A demonstration by the instructor of what you need is more valuable than all the words that can be spoken. My thought has always been that you can make your mouth say anything and still not be skilled enough to prove it in the air. A full layout of time, energy, money, schedule, routines, and what is expected of each person involved can easily be worked out before any agreement is reached - and should be.

Not too many years ago, once you got your CFI ticket, you were a CFI from that time on, simply because nothing ever changed in this chosen field of aviation. The same basic student, the same few airports real close by, the same trainer aircraft to fly before and after you became a pilot, the same paperwork, and the same check rides. Everything was the same. The changes started to accumulate in the mid 80's with the advent and use of a makeshift syllabus called the Practical Test Standards (PTS) for each and every certificate and rating offered by the FAA. This was a major step forward in training and examination that was slowly accepted by most involved in aviation.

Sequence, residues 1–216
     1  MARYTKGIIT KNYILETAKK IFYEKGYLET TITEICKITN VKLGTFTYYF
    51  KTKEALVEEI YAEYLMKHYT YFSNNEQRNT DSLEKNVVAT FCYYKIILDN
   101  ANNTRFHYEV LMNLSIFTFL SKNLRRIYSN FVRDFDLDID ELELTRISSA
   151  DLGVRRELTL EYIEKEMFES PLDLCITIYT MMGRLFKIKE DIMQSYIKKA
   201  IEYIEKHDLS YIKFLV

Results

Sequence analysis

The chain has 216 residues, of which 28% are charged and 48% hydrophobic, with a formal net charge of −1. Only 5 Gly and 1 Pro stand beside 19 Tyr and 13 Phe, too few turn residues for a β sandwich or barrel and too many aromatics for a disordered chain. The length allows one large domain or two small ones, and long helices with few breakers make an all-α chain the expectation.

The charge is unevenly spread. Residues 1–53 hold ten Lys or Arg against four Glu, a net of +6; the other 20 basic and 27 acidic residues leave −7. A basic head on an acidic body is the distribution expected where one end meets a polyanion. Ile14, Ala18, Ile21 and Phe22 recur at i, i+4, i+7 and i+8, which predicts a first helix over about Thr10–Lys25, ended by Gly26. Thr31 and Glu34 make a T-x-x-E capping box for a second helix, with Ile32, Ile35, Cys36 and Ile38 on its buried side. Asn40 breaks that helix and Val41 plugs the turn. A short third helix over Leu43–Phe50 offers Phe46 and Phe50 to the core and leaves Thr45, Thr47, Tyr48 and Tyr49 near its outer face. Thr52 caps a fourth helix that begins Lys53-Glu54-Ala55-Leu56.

It finally came to pass that newly licensed instructors were teaching one way and the old timers were doing things the old way. The same could be said of Designated Pilot Examiners (DPE) and FAA Inspectors on their respective check rides. The next big change was the slow introduction of advanced avionics to assist us in finding airports we had absolutely no trouble finding before with Non-Directional Beacons (NDB) or Very High Frequency Omni-Directional Range (VOR) or simply Pilotage and Dead Reckoning.

Finally we have been introduced to some new designs in airplanes that really require more skill, quicker reactions, different techniques, and a whole new set of numbers and speeds. We then got Global Positioning System (GPS) and all of a sudden we were light years behind the panel knowledge curve.